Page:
When hundreds of ammonia refrigeration engineers, manufacturers, contractors, and end users gather in one place, technical talk is sure to follow. Such was the case at the most recent International Institute of Ammonia Refrigeration Conference in Nashville, Tenn.
The industry should start getting comfortable with HCs, CO2, HFOs, and A2L refrigerants, just like a previous generation got used to those newfangled chlorofluorocarbons (CFCs) and hydrochlorofluorocarbons (HCFCs).
Service technicians who work on commercial refrigeration equipment should be aware that the U.S. Department of Energy (DOE) has issued what it calls the final rule on the “Energy Conservation Program: Energy Conservation Standards for Commercial Refrigeration Equipment.”
The Service Applications Manual (SAM) of the RSES has been one of the venerable documents of the HVACR industry. It consisted of two large loose-leaf binders in which were inserted printed training materials prepared by RSES in conjunction with industry experts.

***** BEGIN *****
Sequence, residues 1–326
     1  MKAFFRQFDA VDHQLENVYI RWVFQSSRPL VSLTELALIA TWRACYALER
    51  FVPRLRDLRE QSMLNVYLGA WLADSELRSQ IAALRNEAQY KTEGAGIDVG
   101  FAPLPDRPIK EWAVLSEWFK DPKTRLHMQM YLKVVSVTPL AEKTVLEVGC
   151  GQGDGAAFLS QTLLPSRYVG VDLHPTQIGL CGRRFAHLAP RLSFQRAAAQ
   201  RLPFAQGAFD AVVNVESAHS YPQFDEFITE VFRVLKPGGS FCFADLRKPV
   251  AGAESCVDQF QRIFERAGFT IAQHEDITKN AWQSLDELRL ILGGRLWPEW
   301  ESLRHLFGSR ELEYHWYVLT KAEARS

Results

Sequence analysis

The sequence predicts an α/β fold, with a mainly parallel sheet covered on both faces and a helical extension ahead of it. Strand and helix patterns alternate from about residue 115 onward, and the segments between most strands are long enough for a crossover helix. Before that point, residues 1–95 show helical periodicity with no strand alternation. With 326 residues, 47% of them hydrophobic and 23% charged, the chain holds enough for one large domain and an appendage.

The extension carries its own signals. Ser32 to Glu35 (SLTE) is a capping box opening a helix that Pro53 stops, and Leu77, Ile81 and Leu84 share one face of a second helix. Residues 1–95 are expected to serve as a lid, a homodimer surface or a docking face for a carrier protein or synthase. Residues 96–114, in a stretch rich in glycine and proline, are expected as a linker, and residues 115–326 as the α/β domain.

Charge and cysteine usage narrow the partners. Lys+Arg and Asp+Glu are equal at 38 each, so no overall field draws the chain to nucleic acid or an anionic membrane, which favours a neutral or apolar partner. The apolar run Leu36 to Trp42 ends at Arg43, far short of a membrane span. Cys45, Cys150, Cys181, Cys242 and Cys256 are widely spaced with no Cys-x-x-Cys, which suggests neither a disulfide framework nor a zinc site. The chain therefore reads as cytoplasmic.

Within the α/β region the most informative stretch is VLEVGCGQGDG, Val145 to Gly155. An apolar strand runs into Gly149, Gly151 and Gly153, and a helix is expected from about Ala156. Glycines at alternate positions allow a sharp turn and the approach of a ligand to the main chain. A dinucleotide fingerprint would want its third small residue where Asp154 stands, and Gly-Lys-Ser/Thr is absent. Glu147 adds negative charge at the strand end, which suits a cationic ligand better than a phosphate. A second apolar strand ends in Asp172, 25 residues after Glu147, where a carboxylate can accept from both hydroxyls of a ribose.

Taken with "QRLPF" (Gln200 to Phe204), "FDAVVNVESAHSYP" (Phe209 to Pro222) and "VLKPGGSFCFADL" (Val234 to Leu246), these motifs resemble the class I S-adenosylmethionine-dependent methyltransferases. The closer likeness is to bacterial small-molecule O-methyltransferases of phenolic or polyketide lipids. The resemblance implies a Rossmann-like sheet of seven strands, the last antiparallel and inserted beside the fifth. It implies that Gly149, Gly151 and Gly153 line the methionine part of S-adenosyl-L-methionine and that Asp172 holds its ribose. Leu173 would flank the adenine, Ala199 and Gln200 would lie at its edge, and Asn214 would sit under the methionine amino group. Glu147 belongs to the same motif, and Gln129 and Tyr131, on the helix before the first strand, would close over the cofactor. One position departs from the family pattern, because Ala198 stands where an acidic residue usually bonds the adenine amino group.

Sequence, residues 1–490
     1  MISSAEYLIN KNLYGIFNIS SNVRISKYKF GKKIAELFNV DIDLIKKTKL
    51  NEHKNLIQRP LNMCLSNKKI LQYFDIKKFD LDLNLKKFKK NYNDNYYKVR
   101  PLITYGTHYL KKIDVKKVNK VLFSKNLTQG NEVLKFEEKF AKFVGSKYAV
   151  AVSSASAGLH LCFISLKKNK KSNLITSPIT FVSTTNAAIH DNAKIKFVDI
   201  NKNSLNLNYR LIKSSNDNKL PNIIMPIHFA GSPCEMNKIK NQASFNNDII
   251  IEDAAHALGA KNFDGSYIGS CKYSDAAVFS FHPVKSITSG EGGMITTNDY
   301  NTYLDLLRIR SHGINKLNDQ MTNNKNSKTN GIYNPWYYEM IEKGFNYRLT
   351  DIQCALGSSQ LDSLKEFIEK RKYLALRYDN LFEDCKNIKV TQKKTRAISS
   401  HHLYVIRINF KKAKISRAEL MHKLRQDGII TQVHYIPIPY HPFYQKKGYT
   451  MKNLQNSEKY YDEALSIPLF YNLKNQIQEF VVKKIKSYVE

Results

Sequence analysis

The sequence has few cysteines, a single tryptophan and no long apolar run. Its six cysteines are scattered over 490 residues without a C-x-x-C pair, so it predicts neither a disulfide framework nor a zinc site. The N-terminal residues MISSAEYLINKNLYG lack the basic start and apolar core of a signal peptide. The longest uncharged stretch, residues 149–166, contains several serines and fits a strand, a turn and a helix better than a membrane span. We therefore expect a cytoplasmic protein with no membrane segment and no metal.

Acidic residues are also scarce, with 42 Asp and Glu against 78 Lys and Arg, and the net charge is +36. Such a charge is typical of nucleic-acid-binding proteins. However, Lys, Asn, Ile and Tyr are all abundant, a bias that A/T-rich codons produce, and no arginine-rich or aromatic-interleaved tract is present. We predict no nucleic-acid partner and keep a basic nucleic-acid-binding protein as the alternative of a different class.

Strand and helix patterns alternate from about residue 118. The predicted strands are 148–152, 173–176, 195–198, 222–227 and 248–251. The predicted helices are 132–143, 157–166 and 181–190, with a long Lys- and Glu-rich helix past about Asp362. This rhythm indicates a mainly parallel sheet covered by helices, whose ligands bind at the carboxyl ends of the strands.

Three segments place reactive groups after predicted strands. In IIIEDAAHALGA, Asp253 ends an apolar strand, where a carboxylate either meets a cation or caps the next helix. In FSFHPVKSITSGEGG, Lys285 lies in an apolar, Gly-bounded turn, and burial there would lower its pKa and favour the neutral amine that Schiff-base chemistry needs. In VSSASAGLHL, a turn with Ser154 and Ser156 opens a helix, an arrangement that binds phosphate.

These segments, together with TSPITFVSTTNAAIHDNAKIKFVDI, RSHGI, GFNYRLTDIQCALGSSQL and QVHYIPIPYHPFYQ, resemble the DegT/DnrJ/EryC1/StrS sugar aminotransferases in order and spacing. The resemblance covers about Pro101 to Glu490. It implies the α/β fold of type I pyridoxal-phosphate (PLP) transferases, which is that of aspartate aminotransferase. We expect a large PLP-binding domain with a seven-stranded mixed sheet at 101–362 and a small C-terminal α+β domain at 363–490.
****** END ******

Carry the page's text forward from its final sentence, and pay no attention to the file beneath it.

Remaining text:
The U.S. Department of Commerce (DOC) has joined the ruckus over questions about the importation of HFC-134a refrigerant from China. On April 14 the federal agency released what it calls a “preliminary Countervailing Duty Determination (CVD).”
To see where the sector is headed over the next five years, The NEWS collected comments from numerous companies involved in reclamation services. Here, in alphabetical order by company, is a collection of the responses.
It is appropriate to keep an eye on developments in industrial refrigeration in Europe. For one, new technologies, especially as related to refrigerants, often are first tried in Europe. Second, the industrial refrigeration sector using ammonia has strongly aligned itself with supporters of other non-f-gas refrigerants.